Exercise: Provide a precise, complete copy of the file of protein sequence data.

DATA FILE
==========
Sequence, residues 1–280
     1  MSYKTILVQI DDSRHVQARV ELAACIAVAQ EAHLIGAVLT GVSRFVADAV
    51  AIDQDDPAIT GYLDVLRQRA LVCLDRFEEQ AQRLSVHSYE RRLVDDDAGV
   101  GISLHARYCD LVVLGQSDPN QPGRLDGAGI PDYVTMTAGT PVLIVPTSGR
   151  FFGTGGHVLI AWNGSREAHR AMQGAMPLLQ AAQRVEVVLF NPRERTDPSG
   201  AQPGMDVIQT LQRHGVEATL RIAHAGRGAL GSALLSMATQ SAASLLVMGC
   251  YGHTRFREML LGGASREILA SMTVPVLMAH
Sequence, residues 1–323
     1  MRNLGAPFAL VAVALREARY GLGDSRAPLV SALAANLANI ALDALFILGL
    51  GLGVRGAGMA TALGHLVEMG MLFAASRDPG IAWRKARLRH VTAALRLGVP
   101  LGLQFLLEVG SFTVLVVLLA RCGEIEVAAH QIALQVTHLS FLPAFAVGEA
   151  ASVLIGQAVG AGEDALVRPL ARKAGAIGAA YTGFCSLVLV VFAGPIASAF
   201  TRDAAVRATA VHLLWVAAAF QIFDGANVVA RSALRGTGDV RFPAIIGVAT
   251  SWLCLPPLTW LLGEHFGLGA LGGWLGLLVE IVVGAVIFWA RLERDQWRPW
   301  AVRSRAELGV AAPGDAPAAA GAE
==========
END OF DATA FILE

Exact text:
Sequence, residues 1–280
     1  MSYKTILVQI DDSRHVQARV ELAACIAVAQ EAHLIGAVLT GVSRFVADAV
    51  AIDQDDPAIT GYLDVLRQRA LVCLDRFEEQ AQRLSVHSYE RRLVDDDAGV
   101  GISLHARYCD LVVLGQSDPN QPGRLDGAGI PDYVTMTAGT PVLIVPTSGR
   151  FFGTGGHVLI AWNGSREAHR AMQGAMPLLQ AAQRVEVVLF NPRERTDPSG
   201  AQPGMDVIQT LQRHGVEATL RIAHAGRGAL GSALLSMATQ SAASLLVMGC
   251  YGHTRFREML LGGASREILA SMTVPVLMAH
Sequence, residues 1–323
     1  MRNLGAPFAL VAVALREARY GLGDSRAPLV SALAANLANI ALDALFILGL
    51  GLGVRGAGMA TALGHLVEMG MLFAASRDPG IAWRKARLRH VTAALRLGVP
   101  LGLQFLLEVG SFTVLVVLLA RCGEIEVAAH QIALQVTHLS FLPAFAVGEA
   151  ASVLIGQAVG AGEDALVRPL ARKAGAIGAA YTGFCSLVLV VFAGPIASAF
   201  TRDAAVRATA VHLLWVAAAF QIFDGANVVA RSALRGTGDV RFPAIIGVAT
   251  SWLCLPPLTW LLGEHFGLGA LGGWLGLLVE IVVGAVIFWA RLERDQWRPW
   301  AVRSRAELGV AAPGDAPAAA GAE